How To Use Metaphor To Make Stronger Photographs

Zoomorphism animates and connects these images.


Photographs can often be well-crafted transcriptions of their subjects and nothing more. It’s usually that elusive ‘something more’ that makes great photographs, elevating them beyond craft to art. How can you bring more to your images? One way is to use a guiding metaphor.

What is a metaphor? In language, spoken or written, a simile implies a shared quality (This is like that.), while a metaphor states that two things are the same (This is that.). When a metaphor is used, it’s understood that poetic license is being taken. A metaphor isn’t used to create misinformation and confusion, it’s used to emphathetically draw attention to shared qualities.

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  • Ernie Notbert

    05.08.2022 at 22:59 Reply

    While your statement “Zoomorphism animates and connects these images.* applys to the final two fotos I am at a loss to see any such connection to the others. Can you help make the connection? TIA

  • johnpaulcaponigro

    14.08.2022 at 14:25 Reply

    The smaller icebergs at the waterline also suggest animal forms. This may have been more strongly felt if the order of presentation was reversed.

  • Meg Weston

    15.08.2022 at 09:45 Reply

    Interesting idea – the metaphor in a photograph. I wonder if you discover it or you intend it when you’re taking the picture?

    • johnpaulcaponigro

      20.08.2022 at 12:12 Reply

      As with writing, both can work … and discovering first can lead to more conscious follow ups.

  • Dave Hancock

    16.08.2022 at 12:21 Reply

    John Paul,

    New to your site. This article is what I am currently exploring in my own photography. I am just starting to find words for the feelings or emotions my photographs invoke. Is this something you practice? Possibly Keyword them so? Do you give your photographs Titles. I understand this series is for demonstration / discussion, but does it have a collection title? If not, could you suggest one?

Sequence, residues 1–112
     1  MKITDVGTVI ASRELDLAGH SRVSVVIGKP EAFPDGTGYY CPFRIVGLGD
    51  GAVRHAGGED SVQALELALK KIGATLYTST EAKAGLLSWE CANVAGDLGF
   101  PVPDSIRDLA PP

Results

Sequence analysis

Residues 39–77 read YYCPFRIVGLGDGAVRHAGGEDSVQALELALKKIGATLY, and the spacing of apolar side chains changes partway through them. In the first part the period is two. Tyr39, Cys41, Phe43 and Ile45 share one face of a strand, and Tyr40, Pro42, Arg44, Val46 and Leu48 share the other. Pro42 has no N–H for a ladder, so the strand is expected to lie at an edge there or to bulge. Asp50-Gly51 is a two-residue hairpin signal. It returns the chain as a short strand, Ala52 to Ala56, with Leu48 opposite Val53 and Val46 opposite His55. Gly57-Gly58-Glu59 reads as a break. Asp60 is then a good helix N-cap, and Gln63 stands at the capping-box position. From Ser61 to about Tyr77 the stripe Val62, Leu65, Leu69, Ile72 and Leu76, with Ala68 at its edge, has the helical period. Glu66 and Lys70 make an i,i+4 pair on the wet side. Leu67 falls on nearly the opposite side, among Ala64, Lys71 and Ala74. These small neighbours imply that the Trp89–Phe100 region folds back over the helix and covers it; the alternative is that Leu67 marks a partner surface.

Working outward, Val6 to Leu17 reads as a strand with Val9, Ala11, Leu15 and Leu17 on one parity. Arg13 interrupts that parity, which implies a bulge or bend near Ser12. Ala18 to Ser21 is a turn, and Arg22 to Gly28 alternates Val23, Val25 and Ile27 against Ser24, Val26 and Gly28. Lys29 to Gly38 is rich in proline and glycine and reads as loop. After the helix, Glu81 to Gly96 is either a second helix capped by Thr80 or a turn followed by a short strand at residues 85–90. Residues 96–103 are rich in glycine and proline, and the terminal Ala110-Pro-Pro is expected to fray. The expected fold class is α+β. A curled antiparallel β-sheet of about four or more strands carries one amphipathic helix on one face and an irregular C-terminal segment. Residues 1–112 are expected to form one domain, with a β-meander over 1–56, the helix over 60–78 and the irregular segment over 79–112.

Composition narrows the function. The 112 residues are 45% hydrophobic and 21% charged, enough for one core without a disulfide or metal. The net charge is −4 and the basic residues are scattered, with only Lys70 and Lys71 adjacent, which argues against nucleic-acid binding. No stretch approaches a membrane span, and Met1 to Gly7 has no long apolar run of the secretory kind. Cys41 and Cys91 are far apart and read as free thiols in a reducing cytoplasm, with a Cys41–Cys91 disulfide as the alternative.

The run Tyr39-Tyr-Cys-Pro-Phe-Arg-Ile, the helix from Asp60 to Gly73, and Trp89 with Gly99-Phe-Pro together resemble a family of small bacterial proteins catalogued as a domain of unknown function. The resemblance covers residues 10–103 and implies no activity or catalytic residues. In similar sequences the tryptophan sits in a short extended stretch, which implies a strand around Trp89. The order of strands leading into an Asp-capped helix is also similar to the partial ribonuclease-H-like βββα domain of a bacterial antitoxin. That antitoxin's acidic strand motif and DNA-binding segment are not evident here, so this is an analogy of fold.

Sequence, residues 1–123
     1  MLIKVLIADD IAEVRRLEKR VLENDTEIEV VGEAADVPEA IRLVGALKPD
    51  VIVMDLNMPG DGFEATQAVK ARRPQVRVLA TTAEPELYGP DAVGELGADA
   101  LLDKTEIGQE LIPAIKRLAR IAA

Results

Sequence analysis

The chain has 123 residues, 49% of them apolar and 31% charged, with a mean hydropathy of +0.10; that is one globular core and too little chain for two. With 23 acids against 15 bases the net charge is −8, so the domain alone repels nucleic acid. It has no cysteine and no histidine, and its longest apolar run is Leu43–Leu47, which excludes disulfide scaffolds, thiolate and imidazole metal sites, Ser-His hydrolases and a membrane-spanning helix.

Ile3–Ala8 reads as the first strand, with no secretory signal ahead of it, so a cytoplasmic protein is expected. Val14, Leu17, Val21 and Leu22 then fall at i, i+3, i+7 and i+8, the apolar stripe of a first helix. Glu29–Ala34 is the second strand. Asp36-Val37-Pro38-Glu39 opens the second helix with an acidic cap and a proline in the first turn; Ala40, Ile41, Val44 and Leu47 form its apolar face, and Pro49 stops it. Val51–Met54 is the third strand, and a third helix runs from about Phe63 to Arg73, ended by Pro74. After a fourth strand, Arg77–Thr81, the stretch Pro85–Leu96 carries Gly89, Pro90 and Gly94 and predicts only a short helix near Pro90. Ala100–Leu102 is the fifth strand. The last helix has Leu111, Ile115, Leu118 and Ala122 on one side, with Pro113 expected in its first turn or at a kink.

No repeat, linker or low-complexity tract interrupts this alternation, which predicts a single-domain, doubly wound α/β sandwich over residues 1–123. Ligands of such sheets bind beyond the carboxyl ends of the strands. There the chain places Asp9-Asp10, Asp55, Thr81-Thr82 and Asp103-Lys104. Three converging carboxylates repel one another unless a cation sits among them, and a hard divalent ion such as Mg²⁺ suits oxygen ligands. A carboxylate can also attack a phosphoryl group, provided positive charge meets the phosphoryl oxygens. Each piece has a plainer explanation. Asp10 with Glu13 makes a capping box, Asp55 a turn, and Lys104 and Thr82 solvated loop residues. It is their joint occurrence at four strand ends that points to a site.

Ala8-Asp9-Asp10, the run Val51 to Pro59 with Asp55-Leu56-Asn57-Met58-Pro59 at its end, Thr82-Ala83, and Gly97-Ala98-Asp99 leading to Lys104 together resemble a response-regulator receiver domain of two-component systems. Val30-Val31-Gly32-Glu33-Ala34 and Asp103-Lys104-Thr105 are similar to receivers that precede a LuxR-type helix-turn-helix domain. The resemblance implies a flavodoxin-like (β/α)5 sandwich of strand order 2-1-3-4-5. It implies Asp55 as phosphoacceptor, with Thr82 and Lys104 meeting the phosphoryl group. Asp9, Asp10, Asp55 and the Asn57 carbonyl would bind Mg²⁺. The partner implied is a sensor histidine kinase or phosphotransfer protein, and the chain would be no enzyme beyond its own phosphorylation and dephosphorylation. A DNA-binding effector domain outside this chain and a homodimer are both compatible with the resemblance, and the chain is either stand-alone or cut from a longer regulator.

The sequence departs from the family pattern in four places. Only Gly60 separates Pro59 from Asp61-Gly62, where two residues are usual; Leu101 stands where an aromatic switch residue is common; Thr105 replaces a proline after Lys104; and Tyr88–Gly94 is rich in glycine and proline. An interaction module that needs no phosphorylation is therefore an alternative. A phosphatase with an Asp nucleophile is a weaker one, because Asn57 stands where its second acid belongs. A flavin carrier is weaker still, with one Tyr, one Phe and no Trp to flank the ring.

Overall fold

• johnpaulcaponigro

      20.08.2022 at 12:39 Reply

      Association, metaphor, and other kinds of thematic development are core features of my creative process. You can find more in my TEDx talk. After working with words very freely on paper or digitally, I add select keywords into my Lightroom library for search and organization. I do title my images; there’s an article on that in my online Library. (I’m too prolific to come up with good unique titles for everyone and don’t want to lead the viewer too strongly so my titles are usually a series title and the number of the order of their creation.) I also write artist’s statements, make audio and video remarks, and compose ekphrastic prose and poetry. This set of images is a selection from a larger series on Antarctica (Waking … as in straight shots) that highlights a subtheme (zoomorphism … which is a word that gathers pages of associations … bestiary, dragon, chimera, squid, leviathan, plankton, copepod … ) that supports the larger theme of treating land as a living space / an event that’s alive. In the three intertwined series (Antarctica Waking, Antarctica Dreaming, Antarctica Global Warning) I move around, into, and thorugh this larger idea in many ways.

  • Cemal Ekin

    17.08.2022 at 14:42 Reply

    The apple and the pepper are two of my favorite photographs. I even used them with full attribution in articles I have written or presentations I made. I am grateful to both photographers for their work and for showing us how to see.

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